America Supports You: AdoptaPlatoon 'Labor of Love'
By Gerry J. Gilmore
American Forces Press Service
WASHINGTON, Nov. 29, 2004 The men and women of AdoptaPlatoon, a nonprofit group, volunteer their time and energies to support deployed U.S. servicemembers and their families.
"This is a labor of love for us," said AdoptaPlatoon President Ida Haag. The organization's goal, she said, is to provide "a better quality of life" for deployed servicemembers and their families.
The origin of AdoptaPlatoon can be traced to 1998, when Haag, an English teacher from Rio Hondo, Texas, began sending cards and letters to her son, an Army soldier serving in Bosnia.
At her son's request, Haag also sent items to nine of his comrades. Later, the platoon's leader asked Haag if she'd support the entire 40-member platoon.
"Before we knew it, another company asked for support," she said. Haag later organized AdoptaPlatoon into a Texas charitable corporation, and it was granted federal status as a nonprofit organization in 1999.
Haag said she received a signed letter from then-Texas Gov. George W. Bush citing the need for AdoptaPlatoon. Today, the organization has operations across the United States and 30 management volunteers, Haag noted.
Today, AdoptaPlatoon supports members from all of the armed services, she said. Servicemembers' receipt of extra socks or ice packs, and lollipops or bubble gum to hand out to children in Iraq or Afghanistan makes a big difference, she said.
AdoptaPlatoon also supports military families. "We try to fill in the gap a little bit" while servicemembers are away overseas, Haag said.
The organization creates morale-boosting projects at military request. "Soldiers have to sign up for us," she explained, adding, "Sometimes it's a solitary soldier who wants to receive mail other than just a bill."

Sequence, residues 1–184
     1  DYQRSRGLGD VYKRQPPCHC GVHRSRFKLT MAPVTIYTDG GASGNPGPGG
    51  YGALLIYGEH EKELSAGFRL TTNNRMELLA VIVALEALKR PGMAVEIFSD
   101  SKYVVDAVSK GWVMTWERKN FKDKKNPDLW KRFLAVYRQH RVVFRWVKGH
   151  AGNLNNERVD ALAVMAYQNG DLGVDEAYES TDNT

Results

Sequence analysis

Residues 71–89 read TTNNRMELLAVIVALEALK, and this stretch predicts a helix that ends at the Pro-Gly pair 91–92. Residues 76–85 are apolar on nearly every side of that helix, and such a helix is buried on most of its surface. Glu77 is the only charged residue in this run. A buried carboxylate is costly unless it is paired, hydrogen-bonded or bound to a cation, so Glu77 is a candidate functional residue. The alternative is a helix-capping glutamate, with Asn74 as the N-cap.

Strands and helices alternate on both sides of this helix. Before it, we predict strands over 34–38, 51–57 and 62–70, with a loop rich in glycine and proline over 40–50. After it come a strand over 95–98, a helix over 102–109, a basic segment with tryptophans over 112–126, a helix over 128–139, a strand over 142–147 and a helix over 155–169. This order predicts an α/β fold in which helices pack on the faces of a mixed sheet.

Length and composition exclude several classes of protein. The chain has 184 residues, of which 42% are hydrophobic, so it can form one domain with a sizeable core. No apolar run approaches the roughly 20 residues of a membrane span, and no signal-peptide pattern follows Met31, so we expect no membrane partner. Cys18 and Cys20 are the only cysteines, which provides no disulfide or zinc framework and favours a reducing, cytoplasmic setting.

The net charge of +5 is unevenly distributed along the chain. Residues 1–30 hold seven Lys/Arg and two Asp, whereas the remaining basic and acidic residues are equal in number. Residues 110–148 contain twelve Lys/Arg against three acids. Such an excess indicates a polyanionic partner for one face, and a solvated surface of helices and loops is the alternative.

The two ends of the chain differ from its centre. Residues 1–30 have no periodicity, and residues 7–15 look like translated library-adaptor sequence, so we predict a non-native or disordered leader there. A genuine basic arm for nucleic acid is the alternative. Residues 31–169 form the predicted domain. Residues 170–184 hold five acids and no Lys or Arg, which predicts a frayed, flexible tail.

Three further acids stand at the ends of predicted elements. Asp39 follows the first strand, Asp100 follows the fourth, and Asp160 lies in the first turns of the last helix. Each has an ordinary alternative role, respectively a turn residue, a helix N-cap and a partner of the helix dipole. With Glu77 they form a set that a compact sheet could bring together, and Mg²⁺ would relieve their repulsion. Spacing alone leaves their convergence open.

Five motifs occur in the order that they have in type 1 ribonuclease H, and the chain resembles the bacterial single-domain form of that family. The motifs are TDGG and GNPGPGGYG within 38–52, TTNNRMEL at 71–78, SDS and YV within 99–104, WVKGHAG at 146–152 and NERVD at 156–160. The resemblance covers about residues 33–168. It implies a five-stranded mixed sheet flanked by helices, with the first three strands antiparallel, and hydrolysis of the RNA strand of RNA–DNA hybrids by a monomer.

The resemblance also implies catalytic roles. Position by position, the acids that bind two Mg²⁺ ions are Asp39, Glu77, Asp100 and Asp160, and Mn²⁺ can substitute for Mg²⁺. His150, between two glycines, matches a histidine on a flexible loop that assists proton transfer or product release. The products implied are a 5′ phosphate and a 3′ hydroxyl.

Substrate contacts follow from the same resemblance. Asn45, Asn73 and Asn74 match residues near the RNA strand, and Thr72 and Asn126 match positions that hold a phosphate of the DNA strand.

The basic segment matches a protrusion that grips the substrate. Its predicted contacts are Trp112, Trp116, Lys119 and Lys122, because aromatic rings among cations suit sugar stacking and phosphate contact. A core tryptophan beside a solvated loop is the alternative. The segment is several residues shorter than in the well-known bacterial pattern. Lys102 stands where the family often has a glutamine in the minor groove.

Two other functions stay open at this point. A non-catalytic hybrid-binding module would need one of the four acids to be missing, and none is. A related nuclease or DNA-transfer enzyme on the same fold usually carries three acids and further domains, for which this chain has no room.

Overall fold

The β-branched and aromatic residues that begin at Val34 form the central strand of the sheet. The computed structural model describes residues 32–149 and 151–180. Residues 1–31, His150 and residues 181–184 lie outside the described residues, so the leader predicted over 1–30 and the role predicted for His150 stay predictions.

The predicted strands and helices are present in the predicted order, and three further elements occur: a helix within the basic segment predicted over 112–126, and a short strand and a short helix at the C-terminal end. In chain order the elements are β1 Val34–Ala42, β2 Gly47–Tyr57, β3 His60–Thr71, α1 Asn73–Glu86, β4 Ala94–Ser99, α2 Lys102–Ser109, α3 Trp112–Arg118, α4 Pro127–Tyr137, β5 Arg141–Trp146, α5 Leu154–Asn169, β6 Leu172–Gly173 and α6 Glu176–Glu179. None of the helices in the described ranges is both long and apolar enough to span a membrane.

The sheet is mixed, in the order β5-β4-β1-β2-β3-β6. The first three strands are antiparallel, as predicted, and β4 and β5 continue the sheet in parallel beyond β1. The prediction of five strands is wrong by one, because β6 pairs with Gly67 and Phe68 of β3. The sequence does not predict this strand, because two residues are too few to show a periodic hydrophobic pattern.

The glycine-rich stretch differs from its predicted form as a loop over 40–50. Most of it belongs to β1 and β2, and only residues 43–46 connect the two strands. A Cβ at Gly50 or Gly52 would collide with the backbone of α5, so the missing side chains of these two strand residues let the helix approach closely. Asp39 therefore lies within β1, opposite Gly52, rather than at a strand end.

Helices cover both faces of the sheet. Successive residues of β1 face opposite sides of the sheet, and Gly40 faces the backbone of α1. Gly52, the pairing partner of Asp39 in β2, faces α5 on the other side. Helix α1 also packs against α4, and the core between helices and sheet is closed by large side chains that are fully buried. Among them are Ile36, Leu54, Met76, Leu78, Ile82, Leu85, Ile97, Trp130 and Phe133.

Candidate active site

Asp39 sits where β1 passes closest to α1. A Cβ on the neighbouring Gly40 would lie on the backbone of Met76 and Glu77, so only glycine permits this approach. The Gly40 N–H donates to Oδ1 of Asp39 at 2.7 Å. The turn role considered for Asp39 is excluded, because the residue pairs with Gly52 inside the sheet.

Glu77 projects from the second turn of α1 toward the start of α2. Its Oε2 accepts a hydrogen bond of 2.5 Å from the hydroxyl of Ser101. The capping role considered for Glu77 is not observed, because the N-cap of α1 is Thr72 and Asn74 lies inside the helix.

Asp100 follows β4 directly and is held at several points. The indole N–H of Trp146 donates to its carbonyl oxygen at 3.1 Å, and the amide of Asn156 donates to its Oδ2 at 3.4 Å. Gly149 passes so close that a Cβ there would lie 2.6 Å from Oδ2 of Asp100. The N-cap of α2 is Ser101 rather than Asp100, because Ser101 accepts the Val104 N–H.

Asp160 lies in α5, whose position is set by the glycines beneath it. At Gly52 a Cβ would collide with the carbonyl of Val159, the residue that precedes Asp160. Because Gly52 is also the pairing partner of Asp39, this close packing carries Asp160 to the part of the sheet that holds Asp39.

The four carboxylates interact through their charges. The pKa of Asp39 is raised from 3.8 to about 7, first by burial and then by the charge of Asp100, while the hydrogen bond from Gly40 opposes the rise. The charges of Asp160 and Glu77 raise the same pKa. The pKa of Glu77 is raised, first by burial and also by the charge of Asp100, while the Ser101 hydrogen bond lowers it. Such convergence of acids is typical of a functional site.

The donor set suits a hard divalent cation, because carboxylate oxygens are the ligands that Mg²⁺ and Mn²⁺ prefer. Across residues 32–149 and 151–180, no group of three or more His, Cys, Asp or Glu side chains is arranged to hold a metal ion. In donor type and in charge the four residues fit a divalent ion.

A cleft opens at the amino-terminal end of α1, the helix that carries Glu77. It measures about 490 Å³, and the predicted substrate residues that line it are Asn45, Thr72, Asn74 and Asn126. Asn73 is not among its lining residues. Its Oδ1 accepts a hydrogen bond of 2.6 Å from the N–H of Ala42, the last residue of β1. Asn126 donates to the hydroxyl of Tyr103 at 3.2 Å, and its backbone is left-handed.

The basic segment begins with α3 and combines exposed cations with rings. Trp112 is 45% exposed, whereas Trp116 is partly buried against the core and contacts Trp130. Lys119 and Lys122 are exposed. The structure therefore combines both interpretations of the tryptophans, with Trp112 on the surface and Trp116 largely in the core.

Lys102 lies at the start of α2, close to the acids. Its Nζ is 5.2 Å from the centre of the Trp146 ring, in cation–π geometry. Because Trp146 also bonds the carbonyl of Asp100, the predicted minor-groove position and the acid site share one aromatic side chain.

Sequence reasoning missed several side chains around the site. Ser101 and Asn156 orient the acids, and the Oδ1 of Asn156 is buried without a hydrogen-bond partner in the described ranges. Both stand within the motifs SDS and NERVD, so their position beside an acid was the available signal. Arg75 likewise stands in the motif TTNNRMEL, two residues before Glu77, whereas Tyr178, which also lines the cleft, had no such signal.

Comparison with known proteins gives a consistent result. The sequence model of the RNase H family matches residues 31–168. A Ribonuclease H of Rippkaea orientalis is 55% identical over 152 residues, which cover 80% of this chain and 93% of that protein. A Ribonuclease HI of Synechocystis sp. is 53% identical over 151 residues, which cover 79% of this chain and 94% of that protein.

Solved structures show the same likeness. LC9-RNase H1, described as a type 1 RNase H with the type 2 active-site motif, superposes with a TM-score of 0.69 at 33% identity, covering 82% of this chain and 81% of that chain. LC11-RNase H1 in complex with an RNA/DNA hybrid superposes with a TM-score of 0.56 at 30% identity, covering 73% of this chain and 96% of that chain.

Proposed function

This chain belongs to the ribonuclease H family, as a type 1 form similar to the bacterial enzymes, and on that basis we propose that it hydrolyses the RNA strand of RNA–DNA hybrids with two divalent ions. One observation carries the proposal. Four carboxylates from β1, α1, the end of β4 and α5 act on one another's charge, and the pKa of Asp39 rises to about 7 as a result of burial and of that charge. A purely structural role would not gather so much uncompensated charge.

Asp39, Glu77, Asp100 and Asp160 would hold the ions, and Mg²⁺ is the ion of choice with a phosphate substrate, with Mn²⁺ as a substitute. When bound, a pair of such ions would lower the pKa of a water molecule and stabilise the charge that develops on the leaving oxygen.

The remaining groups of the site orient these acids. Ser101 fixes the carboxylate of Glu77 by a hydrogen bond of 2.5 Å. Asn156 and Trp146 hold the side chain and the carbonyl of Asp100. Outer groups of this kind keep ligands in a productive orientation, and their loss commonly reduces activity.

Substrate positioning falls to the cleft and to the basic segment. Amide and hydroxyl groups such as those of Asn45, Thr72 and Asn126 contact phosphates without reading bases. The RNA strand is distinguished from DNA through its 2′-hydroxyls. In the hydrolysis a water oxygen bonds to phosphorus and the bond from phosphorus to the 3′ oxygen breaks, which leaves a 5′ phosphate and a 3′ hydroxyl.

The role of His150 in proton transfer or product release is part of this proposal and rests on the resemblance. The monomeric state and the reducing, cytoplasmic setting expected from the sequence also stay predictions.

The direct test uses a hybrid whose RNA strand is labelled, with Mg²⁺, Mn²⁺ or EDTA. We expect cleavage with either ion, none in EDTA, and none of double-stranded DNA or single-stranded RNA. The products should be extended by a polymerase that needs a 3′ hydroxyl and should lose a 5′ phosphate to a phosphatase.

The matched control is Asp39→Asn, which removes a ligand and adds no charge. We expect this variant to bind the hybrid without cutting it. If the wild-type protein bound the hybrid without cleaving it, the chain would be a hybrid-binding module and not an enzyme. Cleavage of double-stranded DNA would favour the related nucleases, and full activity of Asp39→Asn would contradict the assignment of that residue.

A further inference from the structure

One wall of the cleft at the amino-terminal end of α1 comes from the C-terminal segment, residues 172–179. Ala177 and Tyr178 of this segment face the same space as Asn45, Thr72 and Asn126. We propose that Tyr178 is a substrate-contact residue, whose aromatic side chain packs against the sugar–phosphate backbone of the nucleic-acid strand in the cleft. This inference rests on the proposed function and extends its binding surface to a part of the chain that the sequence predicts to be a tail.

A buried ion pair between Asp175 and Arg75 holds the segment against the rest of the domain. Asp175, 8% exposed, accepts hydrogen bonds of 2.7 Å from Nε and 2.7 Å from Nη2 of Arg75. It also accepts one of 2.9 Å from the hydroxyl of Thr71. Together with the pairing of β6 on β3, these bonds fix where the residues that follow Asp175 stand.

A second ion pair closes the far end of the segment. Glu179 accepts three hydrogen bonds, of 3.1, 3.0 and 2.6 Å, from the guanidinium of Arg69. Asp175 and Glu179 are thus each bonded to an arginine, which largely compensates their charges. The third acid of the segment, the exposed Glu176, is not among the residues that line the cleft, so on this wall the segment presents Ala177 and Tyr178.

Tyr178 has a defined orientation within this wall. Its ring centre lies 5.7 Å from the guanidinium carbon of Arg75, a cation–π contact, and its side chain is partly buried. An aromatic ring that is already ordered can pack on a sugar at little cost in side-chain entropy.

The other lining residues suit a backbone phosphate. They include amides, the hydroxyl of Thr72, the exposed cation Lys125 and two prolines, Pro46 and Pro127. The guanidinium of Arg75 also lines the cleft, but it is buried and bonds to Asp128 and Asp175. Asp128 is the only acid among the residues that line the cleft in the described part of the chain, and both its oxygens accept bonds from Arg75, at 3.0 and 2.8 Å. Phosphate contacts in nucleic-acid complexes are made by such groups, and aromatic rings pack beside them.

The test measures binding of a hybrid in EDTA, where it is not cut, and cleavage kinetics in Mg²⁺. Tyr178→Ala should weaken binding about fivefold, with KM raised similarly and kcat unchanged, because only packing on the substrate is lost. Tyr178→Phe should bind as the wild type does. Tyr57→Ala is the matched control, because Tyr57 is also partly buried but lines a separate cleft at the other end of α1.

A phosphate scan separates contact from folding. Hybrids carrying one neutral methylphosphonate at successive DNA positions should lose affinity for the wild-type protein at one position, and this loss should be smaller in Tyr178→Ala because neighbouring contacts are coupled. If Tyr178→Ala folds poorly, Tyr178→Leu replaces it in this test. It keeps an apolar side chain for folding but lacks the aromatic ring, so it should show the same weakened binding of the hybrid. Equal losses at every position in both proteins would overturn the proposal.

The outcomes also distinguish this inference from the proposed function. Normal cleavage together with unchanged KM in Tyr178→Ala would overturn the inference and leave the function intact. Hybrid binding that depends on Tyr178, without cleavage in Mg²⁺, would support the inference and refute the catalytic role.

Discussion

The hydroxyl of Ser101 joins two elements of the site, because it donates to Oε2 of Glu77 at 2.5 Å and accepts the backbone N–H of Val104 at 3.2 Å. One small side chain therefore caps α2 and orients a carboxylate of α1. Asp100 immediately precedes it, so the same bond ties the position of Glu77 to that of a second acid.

Through AdoptaPlatoon, she said, some soldiers now get mail who didn't receive any before.
After the terrorist attacks of Sept. 11, 2001, and the anthrax attacks that year, "we realized our world is not as safe" as it once was," Haag remarked. She noted that AdoptaPlatoon was temporarily shut down in 2001 due to the anthrax scare. The organization was deluged with mail from servicemembers urging it to continue its work.
Haag recalled that one correspondent had exhorted: "Don't let terrorists change our way of life."
"We didn't give up," Haag said. Security measures were implemented so that prospective sponsors are contacted and screened.
Suzi Castiglione, a "platoon mom" volunteer from Ohio, became involved with AdoptaPlatoon in May 1999.
"Anything we send out has been requested" by military commanders, explained Castiglione, a resident of Solon, a suburb of Cleveland.
AdoptaPlatoon volunteers agree to support deployed units by sending troop care packages or maintaining correspondence with overseas.
"Our care packages contain things for the whole platoon, anything from food, personal items, magazines," Castiglione remarked.
Castiglione said she read an article about AdoptaPlatoon in the "Cleveland Plain Dealer" in 1999 that discussed the activities of Ohio resident Joyce Lisiewski, one of the first group of volunteers recruited by Haag.
"I called Joyce and started just by 'adopting' a couple of soldiers," Castiglione, the mother of three sons and a stepdaughter and stepson, recalled.
Once married to a Navy man, Castiglione, now divorced and remarried, remembered how her former husband appreciated the care packages she'd send him when he was deployed for months at sea.
Today, Castiglione supports U.S. troops serving in Korea, Iraq and Afghanistan, as well as wounded troops in stateside hospitals.
"They're so grateful," she said.
Some deployed servicemembers "are just really lonely" and need to feel that someone cares about them, she said.
Castiglione continues her AdoptaPlatoon endeavors, because, "It feels good to know I'm helping someone."
Servicemembers deserve public support, she said, because "they're looking out for our welfare."